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Law firms need to learn from in-house legal departments

Empower those who innovate but do not confuse innovation with invention

24 February 2015

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A panel of experts has told delegates at the Global Law Summit (GLS) in London that private practice law firms would do well to look to how in-house legal teams are innovating legal services.

Neville Eisenberg, managing partner at Berwin Leighton Paisner (BLP), told the assembled crowd of international lawyers that much has changed within in-house legal departments, even in "conservative organisations such as banks" and that "many general counsels now have board positions in companies".

"Law firms need to become much more agile and the lawyers need to be people who can adapt to different situations and products," said Eisenberg. "Rapid evolutions in a business can throw up different issues for the company. The challenge for law firms is to adapt and be agile and move at the same pace, but as a conservative profession that doesn't come quickly."

One example of an in-house team that fits the bill of being particularly innovative is that of social media giant, Twitter.

The technology company's UK legal counsel, Julia Apostle, explained how Twitter's legal team is fully integrated with the rest of its 3,600 employees worldwide, creating a "collaboration between all areas of the business".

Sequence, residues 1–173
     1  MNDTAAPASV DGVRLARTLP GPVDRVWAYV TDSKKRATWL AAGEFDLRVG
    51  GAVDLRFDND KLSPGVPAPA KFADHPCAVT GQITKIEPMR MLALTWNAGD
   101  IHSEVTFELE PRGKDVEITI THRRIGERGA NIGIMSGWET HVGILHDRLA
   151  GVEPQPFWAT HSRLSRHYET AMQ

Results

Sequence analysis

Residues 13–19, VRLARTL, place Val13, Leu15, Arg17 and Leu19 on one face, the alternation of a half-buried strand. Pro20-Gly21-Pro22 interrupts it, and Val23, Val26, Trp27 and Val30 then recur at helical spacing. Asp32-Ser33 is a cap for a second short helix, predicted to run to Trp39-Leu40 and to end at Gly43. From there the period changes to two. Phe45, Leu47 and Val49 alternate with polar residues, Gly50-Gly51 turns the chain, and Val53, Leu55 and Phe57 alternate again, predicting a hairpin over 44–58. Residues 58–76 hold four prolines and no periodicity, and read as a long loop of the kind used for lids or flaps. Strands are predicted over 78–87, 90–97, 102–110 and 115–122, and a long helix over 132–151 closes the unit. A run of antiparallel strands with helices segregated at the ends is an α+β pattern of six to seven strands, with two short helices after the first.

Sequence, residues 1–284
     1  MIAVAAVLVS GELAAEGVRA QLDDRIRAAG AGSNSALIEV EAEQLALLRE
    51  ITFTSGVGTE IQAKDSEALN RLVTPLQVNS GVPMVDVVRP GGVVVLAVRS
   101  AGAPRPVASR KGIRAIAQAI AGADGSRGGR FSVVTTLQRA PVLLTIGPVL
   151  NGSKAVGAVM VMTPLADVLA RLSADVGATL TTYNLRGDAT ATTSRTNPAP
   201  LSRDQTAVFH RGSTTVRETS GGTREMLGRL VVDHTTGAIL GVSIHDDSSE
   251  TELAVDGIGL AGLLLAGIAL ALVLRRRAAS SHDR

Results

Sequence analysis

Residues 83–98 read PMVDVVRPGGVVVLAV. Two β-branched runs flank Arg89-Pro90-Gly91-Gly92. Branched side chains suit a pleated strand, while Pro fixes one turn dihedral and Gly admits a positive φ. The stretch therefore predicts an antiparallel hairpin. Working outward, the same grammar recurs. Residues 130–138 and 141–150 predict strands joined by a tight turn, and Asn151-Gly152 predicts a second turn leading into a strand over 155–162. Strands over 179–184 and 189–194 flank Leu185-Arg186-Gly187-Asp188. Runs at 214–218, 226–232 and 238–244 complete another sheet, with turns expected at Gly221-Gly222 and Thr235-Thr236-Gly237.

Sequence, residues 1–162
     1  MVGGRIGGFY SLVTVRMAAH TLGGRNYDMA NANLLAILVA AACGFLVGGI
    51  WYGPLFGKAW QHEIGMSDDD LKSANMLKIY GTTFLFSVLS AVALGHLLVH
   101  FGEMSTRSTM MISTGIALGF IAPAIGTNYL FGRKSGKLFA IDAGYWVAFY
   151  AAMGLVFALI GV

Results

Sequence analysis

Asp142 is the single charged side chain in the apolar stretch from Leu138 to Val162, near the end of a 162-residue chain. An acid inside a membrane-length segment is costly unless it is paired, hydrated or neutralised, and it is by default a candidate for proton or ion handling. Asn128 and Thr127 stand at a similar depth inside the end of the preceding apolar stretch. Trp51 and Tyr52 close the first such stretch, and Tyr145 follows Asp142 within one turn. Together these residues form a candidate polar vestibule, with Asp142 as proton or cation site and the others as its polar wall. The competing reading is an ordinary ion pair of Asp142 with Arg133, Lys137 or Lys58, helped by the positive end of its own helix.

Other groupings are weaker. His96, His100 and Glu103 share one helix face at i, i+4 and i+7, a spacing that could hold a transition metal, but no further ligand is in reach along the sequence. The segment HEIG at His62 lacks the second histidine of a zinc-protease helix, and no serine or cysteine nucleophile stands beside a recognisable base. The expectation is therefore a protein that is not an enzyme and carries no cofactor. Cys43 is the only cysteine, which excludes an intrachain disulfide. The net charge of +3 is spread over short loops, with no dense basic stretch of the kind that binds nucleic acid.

Twitter is a company born out of innovation and, with 228 million active users per month producing 500 million tweets per day, Apostle advised that the social media network needed to "remain competitive in an increasing competitive marketplace" as new forms of social media take flight each year. To that end, Twitter's in-house lawyers are involved in the early stage of development when it comes to new products and not just at the end before sending them to market.

The majority of Twitter's legal counsel are based across the Atlantic where the company seems to benefit from the US legal education system, which sees most lawyers study an undergraduate degree in a separate subject before moving on to read law. Apostle suggested that this creates a more rounded lawyer with knowledge of other subjects such as science and technology - perfect for a company such as Twitter.

Reena SenGupta, founder of the FT Innovative Lawyers Programme, agreed and said that recent studies of Stanford University's MBA graduates showed that the most successful entrepreneurs had a list of "horizontal contacts" rather than "vertical contacts".

"There are so many obstacles to law firms innovating," said SenGupta. "The professional culture of the legal sector is antithetical to innovation. You have an hourly rate, which is a time input model and not about creativity. You have a risk averse, cautious, conservative group of people. You have a sector that looks at precedent rather than the future."

She continued: "You have a very status driven profession. The thing about being a lawyer is that it is a very vertical network. You go to law school, you do your training, you join a law firm, you are immersed in lawyers - you marry lawyers. It is a very up and down social network. But the lawyers that innovate are the ones that have a horizontal network. They manage to branch out. They are more likely to become friends with their car mechanic and different people of different social strata, who have lived in different places."

The evolution in the role of the lawyer from being not just a "technical legal specialist" but a "general business person" is where SenGupta admitted seeing more innovation take place in-house.

John van der Luit-Drummond is legal reporter for Solicitors Journal

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